Deported But Not Destroyed

(news report)

Annually on May 18, Ukraine commemorates the Day of Remembrance of the Victims of the Crimean Tatar Genocide. In 1944 the Soviet Union conducted a special operation to deport all Crimean Tatars from the Crimean Peninsula. Stalin’s criminal order erased thousands of innocent lives.

Soviet authorities accused Crimean Tatar nation of collaborating en masse with Nazi Germany during World War II. At 4 am, the large-scale eviction of the Crimean Tatars from the territory of Crimea began. The People’s Commissariat for Internal Affairs (NKVD) agents broke into houses and gave people 15 minutes to gather hand luggage, allowing them to take up to 500 kg of belongings per family. Then Crimean Tatars were driven to freight cars and sent to remote areas of the Soviet Union.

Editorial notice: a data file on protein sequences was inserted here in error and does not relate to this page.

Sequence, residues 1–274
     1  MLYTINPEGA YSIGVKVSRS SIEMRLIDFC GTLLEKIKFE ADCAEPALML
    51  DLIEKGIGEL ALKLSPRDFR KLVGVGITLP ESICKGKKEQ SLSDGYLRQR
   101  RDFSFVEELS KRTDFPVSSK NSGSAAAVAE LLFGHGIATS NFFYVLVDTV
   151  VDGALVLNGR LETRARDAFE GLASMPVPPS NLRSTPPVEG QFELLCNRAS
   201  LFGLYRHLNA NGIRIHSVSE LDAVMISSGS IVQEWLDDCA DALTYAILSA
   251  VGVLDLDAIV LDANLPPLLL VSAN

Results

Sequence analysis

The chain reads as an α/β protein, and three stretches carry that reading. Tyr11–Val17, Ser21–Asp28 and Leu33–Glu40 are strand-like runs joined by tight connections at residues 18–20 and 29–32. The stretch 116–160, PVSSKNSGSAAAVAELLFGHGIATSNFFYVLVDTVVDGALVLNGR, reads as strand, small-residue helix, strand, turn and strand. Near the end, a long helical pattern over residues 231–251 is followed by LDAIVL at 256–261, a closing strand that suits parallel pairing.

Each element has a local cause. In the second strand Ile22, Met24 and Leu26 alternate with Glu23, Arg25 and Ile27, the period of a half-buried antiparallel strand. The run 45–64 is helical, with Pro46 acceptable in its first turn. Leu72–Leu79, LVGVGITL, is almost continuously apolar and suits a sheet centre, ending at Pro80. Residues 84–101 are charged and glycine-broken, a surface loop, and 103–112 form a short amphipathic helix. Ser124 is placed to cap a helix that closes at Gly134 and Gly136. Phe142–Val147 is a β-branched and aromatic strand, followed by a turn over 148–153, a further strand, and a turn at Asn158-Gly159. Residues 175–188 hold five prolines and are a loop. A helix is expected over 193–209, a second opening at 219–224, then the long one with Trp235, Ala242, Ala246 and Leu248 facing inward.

According to the National Movement of the Crimean Tatars, more than 420,000 people were deported. About half of them died either on the road or in the middle of nowhere…

After the deportation, the Crimean Tatar names of villages, settlements, districts and cities were renamed. In 1945, the Soviet authorities abolished the national-territorial autonomy of the Crimean Tatars — the Crimean Autonomous Soviet Socialist Republic — and in its place they created the Crimean Region. Later, new residents from Voronezh, Kursk, Orel and Belgorod regions (Russia) moved there en masse.

Only in 1989, the Crimean Tatars managed to return to their Homeland. They’ve preserved the memory of the genocide, and it’s passed down from generation to generation to this day.

Let me remind you that during the Russo-Ukrainian war more than 1 million Ukrainians were deported to remote areas of Russia, 200,000 of whom are children. Seems, the history repeats itself…

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